Fig. 9.6. Modified sustainable livelihoods framework based on the Sustainable Livelihoods Approach framework (Scoones 1998, DFID 2000), and incorporating elements from the Millenium Ecosystem Assessment conceptual framework (MEA 2003), and the IDS STEPS Centre framework (Leach 2007).
   
Fig. 12.6. Southern California Bight surface temperature and currents for the two finer-resolution sub-domains in a 3-level (i.e. 18+6+2 km) configuration. Note the strong influences of island and coastline topography around Santa Monica Bay in the 2 km sub-domain. (Marchesiello et al., 2002b.)
   
Fig. 12.7. Present biogeochemical model configuration for U.S. West Coast Carbon Cycle modeling program. Not shown are the boxes for Oxygen, TIC, and Alkalinity. Carbon, Nitrogen, Phosphate, and Oxygen pathways are presently being resolved. All of the model pathways follow stoichiometric balances while maintaining variable C:N:P ratios for different model variables.
   
Fig. 12.13. Figure outlining the individual watersheds of the continental U.S. that ultimately flow into the Gulf of Mexico or the Eastern U.S. coast.
   
Fig. 14.2. Exchange time of budgeted systems vs system area (log scale)
   
Fig. 14.3. ΔDIP and ΔDIN as a function of system exchange time (log-log plots) (a) Sites for which ΔDIP < 0; (b) Sites for which ΔDIP > 0; (c) Sites for which ΔDIN < 0; (d) Sites for which ΔDIN > 0
   
Fig. 14.4. Apparent net production (P-R) and apparent nitrogen fixation minus denitrification (Nfix-denit) as a function of system exchange time (log-log plots) (a) Sites for which P-R < 0; (b) Sites for which P-R > 0; (c) Sites for which Nfix-denit < 0; (d) Sites for which Nfix-denit > 0
   
Fig. 14.5. Apparent net production (P-R) vs system area (log-log plots). (a) Sites for which P-R < 0; (b) Sites for which P-R > 0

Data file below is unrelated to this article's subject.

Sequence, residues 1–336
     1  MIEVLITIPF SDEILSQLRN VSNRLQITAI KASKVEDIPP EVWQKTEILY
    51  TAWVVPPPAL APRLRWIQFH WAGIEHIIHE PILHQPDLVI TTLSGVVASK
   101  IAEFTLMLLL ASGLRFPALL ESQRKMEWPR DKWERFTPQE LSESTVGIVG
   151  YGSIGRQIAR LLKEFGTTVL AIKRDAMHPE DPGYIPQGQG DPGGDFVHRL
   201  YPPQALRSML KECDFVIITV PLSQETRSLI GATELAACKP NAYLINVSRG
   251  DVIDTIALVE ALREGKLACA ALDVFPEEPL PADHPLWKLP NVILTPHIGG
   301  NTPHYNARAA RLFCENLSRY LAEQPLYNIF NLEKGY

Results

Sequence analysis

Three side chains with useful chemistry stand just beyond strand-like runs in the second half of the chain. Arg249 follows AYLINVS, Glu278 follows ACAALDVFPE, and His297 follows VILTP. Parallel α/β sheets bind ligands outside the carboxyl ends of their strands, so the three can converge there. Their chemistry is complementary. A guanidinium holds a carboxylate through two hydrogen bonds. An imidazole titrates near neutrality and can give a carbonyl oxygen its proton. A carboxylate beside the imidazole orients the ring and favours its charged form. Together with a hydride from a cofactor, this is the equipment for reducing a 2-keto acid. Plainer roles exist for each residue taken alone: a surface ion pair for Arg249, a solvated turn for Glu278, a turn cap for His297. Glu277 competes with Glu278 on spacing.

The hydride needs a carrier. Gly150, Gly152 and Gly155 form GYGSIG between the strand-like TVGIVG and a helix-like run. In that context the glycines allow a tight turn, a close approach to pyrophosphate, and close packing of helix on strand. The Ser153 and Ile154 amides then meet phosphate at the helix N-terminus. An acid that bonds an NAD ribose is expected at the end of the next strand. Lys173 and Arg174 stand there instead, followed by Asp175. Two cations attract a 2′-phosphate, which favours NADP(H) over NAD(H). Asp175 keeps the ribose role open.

Fig. A.1.1. The World Data Center for Marine Environmental Sciences (WDC-MARE) and its information system PANGAEA are strictly organized in terms of technical and scientific design. The network concept uses client/server technology through Intranet/Internet communication. Remote sites are (a) groups of clients using a subserver (mirror site); (b) single clients inter-connected with the main server; (c) stand-alone devices for temporary connection to the network (e.g., on research vessels). Any client has full access to the information system.
   
Fig. A.1.2. PANGAEA’s (simplified) data model is converted into a straightforward, flexible RDBMS scheme. The hierarchy of the data model is classified into four levels that redraw the evolution of analytical values. The PROJECT level contains all meta-information on the project, its scientists and affiliated institutions; the CAMPAIGN level consists of the regional objective and its task basis; the sub-level SITE serves as the superimposed layer of sampling areas; the level EVENT accommodates equipment and includes the sub-level SAMPLE that reflects the custody; the level DATA comprises analytical data sets and series, analytical methods, variables and units, and their publication. The data model is universal and can be employed for any scientific, geo-coded data. The arrows show principle relations between tables.